My cousin celebrated his 25th birthday in New York City last night. (He lives on Long Island so the excitement surrounding the event wasn’t derived from the location.) As you can imagine it was a late night and he ended up riding the subway to a friend’s home in Queens. When I spoke to him earlier today he was desperately trying to find his iPod. From what he can remember, it was still in his jacket pocket when he boarded the subway last night. But, this morning it was gone. Losing your iPod on a New York City subway… please! I suggested he use his birthday money to buy a new one because if he lost it on the “A” Eighth Avenue Express it was as good as gone.
After listening to my less than sympathetic response to his dilemma he headed over to the New York City Transit’s lost property unit (located in the mezzanine of the 34th Street and Eighth Avenue subway station) and filled out a “lost item” form. (He is obviously less jaded than his dear cousin.) So now he plays the waiting game (and if pigs fly and he does get his iPod back I owe him a public apology and a new pair of sunglasses).
Personally, I think the odds are stacked against him, but I did some research and found that stranger things do happen in the bowels of the city. According to NYC Transit workers, countless forgotten items from subways and buses are brought in to their offices on a weekly basis. The most common items include backpacks, books, gloves, wallets, keys, glasses, umbrellas, canes, cell phones, and a growing number of electronic devices. (Could there be hope?)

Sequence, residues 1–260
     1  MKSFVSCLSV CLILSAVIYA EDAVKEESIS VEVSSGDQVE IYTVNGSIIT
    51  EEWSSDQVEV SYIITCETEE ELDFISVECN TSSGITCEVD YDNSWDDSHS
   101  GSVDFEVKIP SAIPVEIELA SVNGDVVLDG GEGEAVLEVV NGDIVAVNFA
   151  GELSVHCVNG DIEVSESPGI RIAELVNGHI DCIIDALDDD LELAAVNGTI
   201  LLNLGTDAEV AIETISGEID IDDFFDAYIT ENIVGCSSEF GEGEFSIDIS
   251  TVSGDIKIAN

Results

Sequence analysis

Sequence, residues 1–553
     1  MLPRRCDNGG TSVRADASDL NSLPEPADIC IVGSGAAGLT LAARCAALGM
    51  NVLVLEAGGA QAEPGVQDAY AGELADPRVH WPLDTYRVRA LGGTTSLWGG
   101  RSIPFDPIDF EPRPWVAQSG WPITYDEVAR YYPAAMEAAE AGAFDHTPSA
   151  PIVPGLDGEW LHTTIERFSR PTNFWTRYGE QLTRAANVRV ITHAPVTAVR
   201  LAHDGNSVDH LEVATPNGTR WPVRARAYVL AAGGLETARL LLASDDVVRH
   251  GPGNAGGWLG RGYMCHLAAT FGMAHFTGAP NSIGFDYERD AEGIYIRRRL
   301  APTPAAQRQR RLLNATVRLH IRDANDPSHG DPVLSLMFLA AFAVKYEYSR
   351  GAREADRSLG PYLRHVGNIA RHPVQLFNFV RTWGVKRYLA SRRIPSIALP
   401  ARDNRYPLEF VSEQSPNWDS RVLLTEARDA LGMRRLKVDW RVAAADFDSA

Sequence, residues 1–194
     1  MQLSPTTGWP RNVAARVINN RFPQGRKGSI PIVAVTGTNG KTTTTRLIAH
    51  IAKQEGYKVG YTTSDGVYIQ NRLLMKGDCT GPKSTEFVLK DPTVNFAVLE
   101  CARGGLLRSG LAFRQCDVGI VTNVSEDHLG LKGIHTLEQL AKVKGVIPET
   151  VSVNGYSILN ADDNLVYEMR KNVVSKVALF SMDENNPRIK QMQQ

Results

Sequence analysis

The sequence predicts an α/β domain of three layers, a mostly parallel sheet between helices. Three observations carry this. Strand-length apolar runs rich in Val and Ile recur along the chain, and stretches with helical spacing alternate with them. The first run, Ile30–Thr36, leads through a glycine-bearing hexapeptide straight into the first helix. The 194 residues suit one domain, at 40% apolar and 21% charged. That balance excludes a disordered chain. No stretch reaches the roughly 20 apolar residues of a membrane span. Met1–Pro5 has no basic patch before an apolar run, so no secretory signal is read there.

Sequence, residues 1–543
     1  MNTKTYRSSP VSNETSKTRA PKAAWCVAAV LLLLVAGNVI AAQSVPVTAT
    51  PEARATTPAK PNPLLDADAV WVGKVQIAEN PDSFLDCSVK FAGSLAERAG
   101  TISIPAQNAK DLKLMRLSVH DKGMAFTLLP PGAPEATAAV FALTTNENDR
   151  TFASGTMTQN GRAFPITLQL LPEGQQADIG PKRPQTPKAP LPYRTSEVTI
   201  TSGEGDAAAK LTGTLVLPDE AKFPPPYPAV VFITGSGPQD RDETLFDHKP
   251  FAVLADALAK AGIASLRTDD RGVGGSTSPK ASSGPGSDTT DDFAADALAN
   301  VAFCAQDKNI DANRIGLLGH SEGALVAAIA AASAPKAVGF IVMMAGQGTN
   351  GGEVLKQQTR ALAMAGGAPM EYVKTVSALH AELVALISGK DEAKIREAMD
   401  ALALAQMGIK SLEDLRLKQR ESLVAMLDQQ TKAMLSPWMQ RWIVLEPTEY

In addition, to the aforementioned items, Transit workers say they have also recovered a large number of not-so-conventional articles, including dentures, Bibles, bowling balls, an amplifier, a computer monitor, bicycles, luggage, musical instruments — and a prosthetic leg. (How do you “forget” a large computer monitor… or your leg?)
Last year the Transit’s lost-and-found center took in more than 11,000 items. And, yes, some commuters were actually reunited with their personal belongings. Transit workers say it helps if the items contain a name or number. In those cases, transit employees will contact the item’s owner and he or she has six months to claim the lost article. Unclaimed items are either auctioned off or (in the case of the Bibles) given to charity.
Have you ever lost an item on the subway?